If you're sick of politics, and don't want to read another single thing about it before Election Day, then you should just skip this column. I recommend taking Opus' advice in this situation, personally.
For the rest of us wonks, before I get to examining Bradley v. Obama, today I'd like to remind everyone that August polls don't mean a whole lot. I'd be saying that no matter who was ahead, mind you. Because I think we all need a reminder that not everyone is like us (quick test: do you know who Mark Penn is? Or David Axelrod?).
Because if you really look at the polls, you'll soon notice that about a third of America just isn't paying all that much attention.
This is fairly normal, it should be pointed out. And lots of these people will actually vote this November. Call them the great mass of Undecideds.
This, to the average wonk, is mind-blowing. After following every nuance of one of the longest campaigns in history, it may be hard to accept that a lot of people, for whatever reason, just haven't made up their minds between Obama and McCain yet. A recent CBS poll [PDF], just as an example (other polls show the same thing), shows that when asked their opinion of the candidates, about a third answered "undecided" or "haven't heard" for both Barack Obama (30%) and John McCain (33%). Of those that preferred either Obama or McCain when asked who they'd vote for, 27% of Obama voters and 31% of McCain voters said that it was "too early to say their mind was made up" about voting for their preferred candidate.
Digging even deeper into the numbers, when people with a preferred candidate were asked "compared to the other candidate, do you like yours (a great deal better / somewhat better / a little better), and then only asking voters who answered "somewhat" or "a little" whether their minds were made up (a total of 44% of Obama voters, and 50% of McCain voters), the numbers were almost identical. Of the weak voters for Obama, 46% had their mind made up, 52% said it was too early to say. Of McCain's weak voters, 46% had made up their minds, 54% had not.
So even among Americans willing to answer a pollster's questions over the phone, somewhere around a third haven't really made up their minds who to vote for, one way or another. Something for all of us to remember. When three people get together, statistically, one of them hasn't decided how to vote. So which one of your two best friends is still wavering?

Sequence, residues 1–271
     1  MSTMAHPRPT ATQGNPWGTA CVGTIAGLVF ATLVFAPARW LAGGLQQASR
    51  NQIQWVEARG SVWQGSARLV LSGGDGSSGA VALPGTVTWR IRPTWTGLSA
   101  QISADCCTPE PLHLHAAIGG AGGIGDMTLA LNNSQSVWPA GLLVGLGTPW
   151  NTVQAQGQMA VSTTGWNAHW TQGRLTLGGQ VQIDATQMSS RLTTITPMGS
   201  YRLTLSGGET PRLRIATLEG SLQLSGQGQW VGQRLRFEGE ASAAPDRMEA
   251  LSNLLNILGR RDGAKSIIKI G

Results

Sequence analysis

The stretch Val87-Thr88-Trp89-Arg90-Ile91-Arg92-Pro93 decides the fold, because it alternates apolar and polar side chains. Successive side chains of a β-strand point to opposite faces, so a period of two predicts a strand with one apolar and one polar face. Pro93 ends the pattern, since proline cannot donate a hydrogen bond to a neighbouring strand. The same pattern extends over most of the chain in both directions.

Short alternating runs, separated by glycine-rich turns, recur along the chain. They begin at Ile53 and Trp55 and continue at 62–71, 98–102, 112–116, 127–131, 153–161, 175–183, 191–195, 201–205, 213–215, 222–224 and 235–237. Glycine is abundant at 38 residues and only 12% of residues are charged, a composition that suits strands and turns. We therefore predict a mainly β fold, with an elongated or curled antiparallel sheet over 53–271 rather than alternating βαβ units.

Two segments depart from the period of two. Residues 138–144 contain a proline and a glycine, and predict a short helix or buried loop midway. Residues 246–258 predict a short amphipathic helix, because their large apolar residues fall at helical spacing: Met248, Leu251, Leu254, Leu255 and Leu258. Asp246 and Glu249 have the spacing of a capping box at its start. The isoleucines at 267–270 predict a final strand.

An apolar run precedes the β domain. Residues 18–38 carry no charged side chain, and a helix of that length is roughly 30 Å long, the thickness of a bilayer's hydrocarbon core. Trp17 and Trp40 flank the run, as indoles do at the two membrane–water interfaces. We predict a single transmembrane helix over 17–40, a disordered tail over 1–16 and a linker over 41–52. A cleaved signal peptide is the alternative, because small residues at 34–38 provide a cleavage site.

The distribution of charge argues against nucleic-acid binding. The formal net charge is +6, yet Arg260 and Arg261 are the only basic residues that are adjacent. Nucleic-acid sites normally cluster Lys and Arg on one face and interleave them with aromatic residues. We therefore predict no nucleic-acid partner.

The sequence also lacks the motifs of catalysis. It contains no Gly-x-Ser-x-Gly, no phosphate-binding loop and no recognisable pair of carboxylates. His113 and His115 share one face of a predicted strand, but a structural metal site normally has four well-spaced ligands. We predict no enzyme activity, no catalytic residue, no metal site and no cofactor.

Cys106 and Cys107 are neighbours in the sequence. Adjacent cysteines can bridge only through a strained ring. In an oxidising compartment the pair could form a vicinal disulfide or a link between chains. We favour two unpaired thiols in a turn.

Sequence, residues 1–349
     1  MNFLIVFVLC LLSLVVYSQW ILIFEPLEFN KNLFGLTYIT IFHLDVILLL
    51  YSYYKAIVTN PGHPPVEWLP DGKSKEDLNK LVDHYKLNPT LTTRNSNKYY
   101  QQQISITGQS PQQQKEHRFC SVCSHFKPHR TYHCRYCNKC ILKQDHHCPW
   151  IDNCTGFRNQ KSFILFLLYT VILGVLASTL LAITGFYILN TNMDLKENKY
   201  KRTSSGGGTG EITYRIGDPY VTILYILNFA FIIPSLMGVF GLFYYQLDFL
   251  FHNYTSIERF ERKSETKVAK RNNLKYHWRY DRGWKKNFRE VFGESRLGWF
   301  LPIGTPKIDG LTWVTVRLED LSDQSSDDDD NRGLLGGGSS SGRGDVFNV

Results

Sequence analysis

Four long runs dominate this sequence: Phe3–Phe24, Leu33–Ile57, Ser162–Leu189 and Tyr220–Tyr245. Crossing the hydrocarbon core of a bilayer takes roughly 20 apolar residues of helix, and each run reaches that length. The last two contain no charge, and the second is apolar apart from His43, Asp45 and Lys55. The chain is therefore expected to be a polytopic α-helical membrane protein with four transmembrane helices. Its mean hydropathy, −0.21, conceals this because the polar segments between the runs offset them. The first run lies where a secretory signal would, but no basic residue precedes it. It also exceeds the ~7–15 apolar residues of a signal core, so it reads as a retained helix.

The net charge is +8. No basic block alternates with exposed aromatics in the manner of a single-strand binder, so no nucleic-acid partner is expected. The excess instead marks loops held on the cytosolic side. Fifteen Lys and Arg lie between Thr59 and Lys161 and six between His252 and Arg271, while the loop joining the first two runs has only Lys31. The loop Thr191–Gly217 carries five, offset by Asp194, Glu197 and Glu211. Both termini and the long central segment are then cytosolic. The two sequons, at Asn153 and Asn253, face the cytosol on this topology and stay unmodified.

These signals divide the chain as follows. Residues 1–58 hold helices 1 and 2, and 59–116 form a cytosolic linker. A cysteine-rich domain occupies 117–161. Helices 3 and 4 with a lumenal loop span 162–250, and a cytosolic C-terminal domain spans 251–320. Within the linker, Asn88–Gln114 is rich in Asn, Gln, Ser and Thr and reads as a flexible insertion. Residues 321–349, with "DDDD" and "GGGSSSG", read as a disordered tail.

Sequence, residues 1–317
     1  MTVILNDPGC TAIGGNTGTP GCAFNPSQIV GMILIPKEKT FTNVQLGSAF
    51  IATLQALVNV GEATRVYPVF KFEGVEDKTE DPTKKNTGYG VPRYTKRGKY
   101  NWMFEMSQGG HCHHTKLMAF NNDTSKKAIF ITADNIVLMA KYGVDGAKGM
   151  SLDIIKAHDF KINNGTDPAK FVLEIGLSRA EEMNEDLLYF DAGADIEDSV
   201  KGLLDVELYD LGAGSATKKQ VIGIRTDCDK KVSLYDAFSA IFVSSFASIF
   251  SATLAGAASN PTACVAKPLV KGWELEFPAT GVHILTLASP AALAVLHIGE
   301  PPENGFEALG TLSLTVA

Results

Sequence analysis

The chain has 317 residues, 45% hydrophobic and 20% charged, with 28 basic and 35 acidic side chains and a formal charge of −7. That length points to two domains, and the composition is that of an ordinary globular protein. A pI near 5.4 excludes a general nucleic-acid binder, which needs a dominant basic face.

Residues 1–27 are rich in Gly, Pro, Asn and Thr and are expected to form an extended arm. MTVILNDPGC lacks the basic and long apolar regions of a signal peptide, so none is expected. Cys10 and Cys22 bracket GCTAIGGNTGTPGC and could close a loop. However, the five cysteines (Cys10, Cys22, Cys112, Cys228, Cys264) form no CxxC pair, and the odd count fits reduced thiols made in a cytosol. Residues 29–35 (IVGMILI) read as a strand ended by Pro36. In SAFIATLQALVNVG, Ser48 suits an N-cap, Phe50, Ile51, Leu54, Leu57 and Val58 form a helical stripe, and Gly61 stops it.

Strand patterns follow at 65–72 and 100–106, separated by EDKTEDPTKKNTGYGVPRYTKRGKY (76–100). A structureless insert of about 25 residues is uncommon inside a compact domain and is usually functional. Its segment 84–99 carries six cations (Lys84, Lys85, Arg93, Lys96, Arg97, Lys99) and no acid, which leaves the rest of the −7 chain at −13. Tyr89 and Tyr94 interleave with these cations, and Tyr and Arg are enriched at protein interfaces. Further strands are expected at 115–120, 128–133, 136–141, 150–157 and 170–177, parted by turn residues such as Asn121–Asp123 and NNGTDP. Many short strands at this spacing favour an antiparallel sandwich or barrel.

Heh. Actually, statistics don't quite work that way, but I couldn't resist.
But there are two other factors in this race that are unknown (and, to a large degree, unknowable) and they point in opposite directions, so they may even cancel each other out to some degree (meaning that, even after the election, it may still be impossible to accurately quantify these). The first of these is the infamous Bradley Effect. Will Obama's white voter support in the polls be higher than his actual support on Election Day? Will this be a regional factor, or a nationwide factor? And how big a factor is it? All unanswerable questions now, and possibly ever.
The other factor works in Obama's favor, but since it is such a unique phenomenon it too may be impossible to predict before the election. How overwhelming is Obama's youth support going to be? How many of them will actually turn out to vote? How many of them have no landlines, and are hence being woefully undercounted in the polls (which usually don't call cell phones)? Will "The Obama Effect" be a tidalwave of new votes, or will it fizzle as it has almost every time in the past? Impossible to know at this point.
Nate Silver, who created FiveThrityEight.com, tries to make some sense of the youth vote numbers in a piece he wrote for the New York Post. He, quite correctly, points out that there have been many campaigns which optimistically predicted that young folks would turn out in droves in the past -- most of whom lost. However, this may finally be "the year" for young people to stun the polling community. Anecdotal reports from just about everywhere point to an energized youth vote that is actually excited about a candidate this time around. Obama's strength in the caucuses and primaries were one place this was made apparent. And in a general election, this might even be more pronounced.
Silver ends on an upbeat note for Obama:
Barack Obama has an advantage that Howard Dean and George McGovern didn't have -- the partisan ecology is so favorable to the Democrats that he can win the election even without turning out young voters. But they are his ace in the hole. If he can get them to turn out in something resembling the proportion that older voters do, his election becomes a near certainty.
At least, with young voters, exit polls will be able to tell if there's a sea-change in their voting patterns. So maybe next time around, pollsters will be more accurate. But until another black man runs for the Oval Office, the Bradley Effect question may be still unknowable even after the 2008 election.
But again, I caution everyone that even though I'm an avid poll-watcher myself (as I suspect many of you are), it is still only August. The conventions haven't even happened yet. Obama will likely get a bump in the polls after Denver, but it may be followed almost immediately after by a bump for McCain, after the Republican convention. September's polls will show a general firming-up of the numbers for both, but with so many Undecideds out there it could go one way or another.
Until then, maybe we should all take Opus' advice....
Chris Weigant blogs at: ChrisWeigant.com
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